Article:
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Could COVID-19 be mutating in animals without us knowing?

People have been panicking about COVID-19 in animals since the very start of the pandemic. There’s now plenty of evidence that SARS-CoV-2 – the coronavirus that causes COVID-19 – can cross from humans into other animals. This is known as spillback. The virus is capable of infecting a range of species, from hamsters to gorillas.

V. Belov/Shutterstock

Reassuringly, the vast majority of animals do not get as seriously sick from an infection as humans do. Also, at present there are very few documented cases of animals then transmitting infection back to humans. But a new concern is now being discussed: what if SARS-CoV-2 could be replicating unnoticed in animals and mutating? Could new variants emerge that can reinfect humans and create more havoc?

SARS-CoV-2 has been evolving in humans throughout the pandemic, resulting in many new variants arising, and there are two factors that appear to have helped variants emerge. First is the vast number of infections in people worldwide, as the virus has the chance to mutate every time it reproduces. The second is the much smaller number of chronic infections that happen in people whose immune systems aren’t fully functioning. When facing a weak immune system, the virus isn’t quickly wiped out, and so has the time to evolve ways of evading immunity.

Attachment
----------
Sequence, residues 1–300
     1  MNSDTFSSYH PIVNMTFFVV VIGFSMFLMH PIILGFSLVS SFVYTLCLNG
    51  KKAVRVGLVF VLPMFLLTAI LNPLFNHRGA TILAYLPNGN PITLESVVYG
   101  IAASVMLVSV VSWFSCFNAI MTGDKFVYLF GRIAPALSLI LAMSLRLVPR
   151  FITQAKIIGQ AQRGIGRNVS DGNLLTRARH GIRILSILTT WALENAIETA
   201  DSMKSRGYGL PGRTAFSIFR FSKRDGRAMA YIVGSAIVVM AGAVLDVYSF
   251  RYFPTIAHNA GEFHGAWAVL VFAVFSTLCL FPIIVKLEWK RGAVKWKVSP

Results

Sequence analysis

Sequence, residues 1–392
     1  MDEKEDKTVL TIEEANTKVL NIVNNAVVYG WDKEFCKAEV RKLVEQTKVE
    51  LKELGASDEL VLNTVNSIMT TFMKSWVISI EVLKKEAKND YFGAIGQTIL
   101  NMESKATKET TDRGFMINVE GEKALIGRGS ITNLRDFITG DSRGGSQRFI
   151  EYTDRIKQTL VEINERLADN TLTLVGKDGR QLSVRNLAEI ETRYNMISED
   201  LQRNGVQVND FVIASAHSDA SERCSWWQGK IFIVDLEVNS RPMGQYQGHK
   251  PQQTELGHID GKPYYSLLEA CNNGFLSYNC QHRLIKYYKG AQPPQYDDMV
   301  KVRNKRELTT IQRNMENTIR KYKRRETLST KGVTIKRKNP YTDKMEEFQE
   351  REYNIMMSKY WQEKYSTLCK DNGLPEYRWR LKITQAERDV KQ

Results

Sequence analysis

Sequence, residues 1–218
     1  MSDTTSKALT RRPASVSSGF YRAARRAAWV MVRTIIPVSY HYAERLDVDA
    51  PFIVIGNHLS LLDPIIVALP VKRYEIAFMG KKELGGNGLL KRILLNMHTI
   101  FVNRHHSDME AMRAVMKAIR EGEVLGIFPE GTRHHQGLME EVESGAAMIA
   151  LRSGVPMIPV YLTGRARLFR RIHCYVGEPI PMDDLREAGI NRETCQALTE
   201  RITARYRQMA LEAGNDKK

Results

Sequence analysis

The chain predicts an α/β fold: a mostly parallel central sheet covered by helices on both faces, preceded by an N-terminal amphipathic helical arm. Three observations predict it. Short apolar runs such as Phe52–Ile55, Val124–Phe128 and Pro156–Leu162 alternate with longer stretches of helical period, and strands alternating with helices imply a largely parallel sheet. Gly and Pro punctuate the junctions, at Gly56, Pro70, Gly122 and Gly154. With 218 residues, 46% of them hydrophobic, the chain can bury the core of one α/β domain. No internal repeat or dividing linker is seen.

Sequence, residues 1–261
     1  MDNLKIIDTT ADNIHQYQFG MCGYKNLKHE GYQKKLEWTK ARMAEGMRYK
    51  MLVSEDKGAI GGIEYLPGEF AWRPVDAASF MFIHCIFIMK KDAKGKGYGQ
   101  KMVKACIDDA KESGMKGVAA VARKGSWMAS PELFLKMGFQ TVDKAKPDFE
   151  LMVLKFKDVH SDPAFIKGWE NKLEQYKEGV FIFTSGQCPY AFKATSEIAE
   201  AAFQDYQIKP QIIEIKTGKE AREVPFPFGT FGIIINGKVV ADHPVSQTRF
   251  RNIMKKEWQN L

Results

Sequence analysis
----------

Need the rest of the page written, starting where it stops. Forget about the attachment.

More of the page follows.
Is it possible that these evolution scenarios are also going on in animals, but that we’re unaware of them happening?

To get a sense of whether this is a risk, we first need to know how many infections are occurring in animals. This will help identify any possible hidden reservoir of the virus. To this end, SARS-CoV-2 infections in animals are being studied extensively in many places across the world. Scientists are investigating exactly which species are susceptible to infection, as well as how common the virus is in different animal populations.